Mica owners say ‘100%’ redress scheme will not cover all costs

TD who raised possibility of resigning gives ‘cautious welcome’ to scheme

Homeowners affected by the mica defective blocks scandals have reacted angrily to the revised redress scheme, saying they will still have to contribute large sums to rebuild their homes.

The Government's scheme, costing €2.2 billion and heralded by Taoiseach Micheál Martin as an "unprecedented State intervention", left some of the 7,500 homeowners in Donegal and Mayo "devastated" and "disappointed" as they still face contributing large sums to rebuild their homes.

While Minister for Housing Darragh O’Brien said the scheme was being increased to 100 per cent redress, mica homeowners and campaigners said people facing the demolition and rebuilding of their homes would still have to contribute tens of thousands of euro to the cost.

Under the scheme, homeowners rebuilding houses will be offered €145 per square foot for the first 1,000 feet of their home, dropping to €110 per square foot for the second 1,000 feet and €100 per square foot thereafter. These figures will be reviewed on an annual basis.


Michael Doherty, spokesman for the Mica Action Group, said the owner of a 2,400 square foot home – the average size of homes affected in the mica scandal – would have to contribute €65,000 to the cost of a rebuild.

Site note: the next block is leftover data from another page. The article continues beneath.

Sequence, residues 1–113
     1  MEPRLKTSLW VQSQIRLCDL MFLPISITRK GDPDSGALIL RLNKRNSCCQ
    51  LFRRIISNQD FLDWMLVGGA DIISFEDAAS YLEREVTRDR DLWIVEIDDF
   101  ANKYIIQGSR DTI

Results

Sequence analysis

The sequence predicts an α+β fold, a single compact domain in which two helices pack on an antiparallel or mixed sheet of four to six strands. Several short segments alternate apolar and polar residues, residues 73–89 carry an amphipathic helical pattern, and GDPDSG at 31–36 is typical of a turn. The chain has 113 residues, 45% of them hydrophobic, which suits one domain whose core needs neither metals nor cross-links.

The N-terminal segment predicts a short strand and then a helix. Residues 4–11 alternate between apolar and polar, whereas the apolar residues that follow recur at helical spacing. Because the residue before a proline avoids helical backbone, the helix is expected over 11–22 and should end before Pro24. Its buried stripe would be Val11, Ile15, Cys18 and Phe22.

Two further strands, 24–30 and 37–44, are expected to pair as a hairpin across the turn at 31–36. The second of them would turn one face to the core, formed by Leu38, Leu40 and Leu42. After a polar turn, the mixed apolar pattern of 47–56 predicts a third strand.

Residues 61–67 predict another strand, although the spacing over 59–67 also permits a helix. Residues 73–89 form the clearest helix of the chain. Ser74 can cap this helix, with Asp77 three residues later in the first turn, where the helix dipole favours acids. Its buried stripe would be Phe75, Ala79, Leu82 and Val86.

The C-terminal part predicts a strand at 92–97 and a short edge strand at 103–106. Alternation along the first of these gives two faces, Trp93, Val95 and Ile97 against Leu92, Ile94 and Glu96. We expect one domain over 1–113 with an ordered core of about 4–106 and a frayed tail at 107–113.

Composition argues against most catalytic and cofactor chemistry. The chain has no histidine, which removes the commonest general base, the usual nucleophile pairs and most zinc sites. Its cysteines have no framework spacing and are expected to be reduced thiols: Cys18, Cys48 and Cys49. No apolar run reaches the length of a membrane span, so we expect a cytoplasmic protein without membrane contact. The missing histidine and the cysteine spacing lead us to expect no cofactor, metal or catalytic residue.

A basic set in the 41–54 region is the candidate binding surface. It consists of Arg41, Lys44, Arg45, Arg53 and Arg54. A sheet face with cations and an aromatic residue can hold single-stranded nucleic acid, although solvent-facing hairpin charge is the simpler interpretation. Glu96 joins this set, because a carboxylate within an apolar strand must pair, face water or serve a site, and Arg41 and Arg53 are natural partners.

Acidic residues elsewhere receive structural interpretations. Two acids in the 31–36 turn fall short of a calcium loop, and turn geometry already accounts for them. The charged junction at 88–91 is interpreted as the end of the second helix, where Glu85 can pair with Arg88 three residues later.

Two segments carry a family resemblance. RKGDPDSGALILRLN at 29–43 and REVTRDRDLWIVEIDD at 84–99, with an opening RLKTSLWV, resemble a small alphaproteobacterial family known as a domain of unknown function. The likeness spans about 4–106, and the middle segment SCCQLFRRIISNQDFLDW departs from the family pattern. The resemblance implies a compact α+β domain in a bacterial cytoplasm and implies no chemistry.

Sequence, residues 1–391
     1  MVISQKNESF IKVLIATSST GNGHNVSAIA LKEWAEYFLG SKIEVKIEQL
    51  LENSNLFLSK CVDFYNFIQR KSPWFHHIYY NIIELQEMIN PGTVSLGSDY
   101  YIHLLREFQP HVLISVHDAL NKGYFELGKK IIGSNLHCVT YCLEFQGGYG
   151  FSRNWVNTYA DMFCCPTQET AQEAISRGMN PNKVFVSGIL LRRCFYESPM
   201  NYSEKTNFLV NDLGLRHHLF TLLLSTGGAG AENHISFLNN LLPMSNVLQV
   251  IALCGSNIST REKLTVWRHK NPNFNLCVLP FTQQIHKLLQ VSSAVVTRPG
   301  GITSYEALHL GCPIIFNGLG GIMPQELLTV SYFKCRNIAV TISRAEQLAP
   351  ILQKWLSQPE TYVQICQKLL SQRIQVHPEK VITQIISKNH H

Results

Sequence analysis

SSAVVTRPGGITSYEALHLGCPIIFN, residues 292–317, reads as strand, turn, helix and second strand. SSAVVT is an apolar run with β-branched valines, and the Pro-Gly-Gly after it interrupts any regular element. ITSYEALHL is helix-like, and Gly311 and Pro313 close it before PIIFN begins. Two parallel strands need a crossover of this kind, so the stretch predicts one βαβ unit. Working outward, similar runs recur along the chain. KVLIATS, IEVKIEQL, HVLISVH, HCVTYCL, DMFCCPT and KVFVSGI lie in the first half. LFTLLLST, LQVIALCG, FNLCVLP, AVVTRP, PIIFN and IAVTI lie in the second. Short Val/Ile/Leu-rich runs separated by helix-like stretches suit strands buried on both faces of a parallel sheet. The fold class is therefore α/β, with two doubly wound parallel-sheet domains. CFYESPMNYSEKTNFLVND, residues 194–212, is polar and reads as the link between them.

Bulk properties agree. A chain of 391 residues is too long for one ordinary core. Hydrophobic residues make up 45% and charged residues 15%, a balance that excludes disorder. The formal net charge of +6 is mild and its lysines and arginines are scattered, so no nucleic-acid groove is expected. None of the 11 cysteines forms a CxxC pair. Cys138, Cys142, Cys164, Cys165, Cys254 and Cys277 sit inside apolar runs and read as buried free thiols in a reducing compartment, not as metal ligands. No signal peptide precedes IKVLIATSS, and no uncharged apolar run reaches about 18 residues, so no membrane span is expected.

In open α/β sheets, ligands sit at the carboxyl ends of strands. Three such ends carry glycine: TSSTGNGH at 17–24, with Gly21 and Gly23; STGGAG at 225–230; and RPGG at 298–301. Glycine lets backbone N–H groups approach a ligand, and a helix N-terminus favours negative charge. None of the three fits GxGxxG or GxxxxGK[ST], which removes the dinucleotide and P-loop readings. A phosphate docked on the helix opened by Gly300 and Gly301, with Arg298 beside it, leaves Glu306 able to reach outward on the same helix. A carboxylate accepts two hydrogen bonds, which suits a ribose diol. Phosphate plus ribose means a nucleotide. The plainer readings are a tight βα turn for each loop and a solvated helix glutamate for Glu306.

“That is a big issue for us. That has effectively undermined us again,” he said.

Chris Scott, who is rebuilding his mica-affected home near Greencastle in Co Donegal, said the way the scheme was designed meant that it "isn't going to satisfy everybody".

“We will be out of pocket, there is no doubt about that,” he said.

Other counties

While the Department of Housing has not ruled out affected homeowners in other counties being added to the scheme in future with Government approval, no other counties beyond Donegal and Mayo were included for now, despite representations from other counties.

Martina Cleary, chairwoman and founder of the Clare Pyrite Action Group, said it was "absolutely disgraceful" that homes in Clare, where at least 200 are affected, were not included.

“We are left out in the cold,” she said.

The prospect of the Government losing a TD over the mica scandal receded on Tuesday night.

Fine Gael TD for Donegal Joe McHugh gave the scheme a "cautious welcome" three weeks after saying he would "consider all options" including the possibility of quitting the party if the scheme did not meet the expectations of affected homeowners.

Other Government TDs, who had supported the demands of homeowners, gave their support to the scheme.

Minister for Agriculture Charlie McConalogue, a Fianna Fáil TD for Donegal, said it was a "strong overall scheme" that would satisfy the demands of campaigners and "stand the test of time".

Simon Carswell

Simon Carswell

Simon Carswell is News Editor of The Irish Times

Cormac McQuinn

Cormac McQuinn

Cormac McQuinn is a Political Correspondent at The Irish Times